The American Cyclopædia (1879)/Müller, Otto Frederik

From Wikisource
Jump to navigation Jump to search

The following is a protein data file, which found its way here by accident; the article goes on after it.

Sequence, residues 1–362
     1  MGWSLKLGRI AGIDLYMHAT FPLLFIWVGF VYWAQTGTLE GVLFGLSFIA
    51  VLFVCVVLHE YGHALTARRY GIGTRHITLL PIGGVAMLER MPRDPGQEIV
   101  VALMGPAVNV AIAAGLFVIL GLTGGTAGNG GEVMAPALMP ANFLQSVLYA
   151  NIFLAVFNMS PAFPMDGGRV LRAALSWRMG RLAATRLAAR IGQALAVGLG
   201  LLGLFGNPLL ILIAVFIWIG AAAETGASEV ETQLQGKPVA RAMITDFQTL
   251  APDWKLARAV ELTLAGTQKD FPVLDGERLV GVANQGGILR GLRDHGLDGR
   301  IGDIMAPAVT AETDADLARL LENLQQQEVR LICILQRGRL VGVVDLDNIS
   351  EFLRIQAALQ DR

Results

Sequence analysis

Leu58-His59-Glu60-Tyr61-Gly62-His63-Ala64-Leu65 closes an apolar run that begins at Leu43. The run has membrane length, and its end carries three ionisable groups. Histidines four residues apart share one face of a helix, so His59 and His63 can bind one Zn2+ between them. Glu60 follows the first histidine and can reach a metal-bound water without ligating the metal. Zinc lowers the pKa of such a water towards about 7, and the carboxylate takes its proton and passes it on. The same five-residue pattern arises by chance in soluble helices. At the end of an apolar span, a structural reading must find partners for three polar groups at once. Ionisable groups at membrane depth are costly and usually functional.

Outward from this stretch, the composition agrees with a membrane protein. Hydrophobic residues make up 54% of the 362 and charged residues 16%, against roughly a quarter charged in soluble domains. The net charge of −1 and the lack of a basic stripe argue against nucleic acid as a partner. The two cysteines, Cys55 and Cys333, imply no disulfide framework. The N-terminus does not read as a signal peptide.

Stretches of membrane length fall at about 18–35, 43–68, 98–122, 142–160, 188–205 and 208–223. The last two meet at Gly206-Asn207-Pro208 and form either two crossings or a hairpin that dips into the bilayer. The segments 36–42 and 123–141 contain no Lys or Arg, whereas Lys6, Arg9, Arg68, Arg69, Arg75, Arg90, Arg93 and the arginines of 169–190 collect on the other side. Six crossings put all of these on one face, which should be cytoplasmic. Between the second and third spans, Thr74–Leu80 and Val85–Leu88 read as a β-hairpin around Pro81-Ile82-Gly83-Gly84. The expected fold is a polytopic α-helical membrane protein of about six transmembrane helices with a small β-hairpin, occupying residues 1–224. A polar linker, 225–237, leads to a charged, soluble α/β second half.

MÜLLER, Otto Frederik, a Danish naturalist, born in Copenhagen in March, 1730, died Dec. 26, 1784. He was educated for the church, became tutor to a young nobleman, and after several years' travel with him settled in Copenhagen in 1767, and married a lady of wealth. His first important works, Fauna Insectorum Friedrichsdaliana (Leipsic, 1764), and Flora Friedrichsdaliana (Strasburg, 1767), recommended him to Frederick V. of Denmark, by whom he was employed to continue the Flora of Denmark, and he added two volumes to the three published by Oeder since 1761. The study of zoölogy, and particularly of the minute animals, meanwhile began to occupy his attention almost exclusively, and in 1771 he produced a work in German on “Certain Worms inhabiting Fresh and Salt Water,” which described many new species of those annulose animals called by Linnæus aphroditæ and nereides, and gave much additional information respecting their habits. In his Vermium Terrestrium et Fluviatilium, seu Animalium Infusoriorum, Helminthecorum, et Testaceorum non Marinorum, succincta Historia (2 vols. 4to, Copenhagen and Leipsic, l773-'4), he arranged the infusoria for the first time into genera and species. His Hydrachnæ in Aquis Daniæ Palustribus detectæ et descriptæ (Leipsic, 1781), and Entomostraca (1785), describe many species of minute animals previously unknown. To these was added an illustrated work on the infusoria, published in 1786. These three works, according to Cuvier, give the author “a place in the first rank of those naturalists who have enriched science with original observations.” His Zoologica Danica, which was intended to correspond in the animal kingdom with the Flora Danica in the vegetable, was commenced in 1779, but only two parts, each containing 40 plates, were finished by him.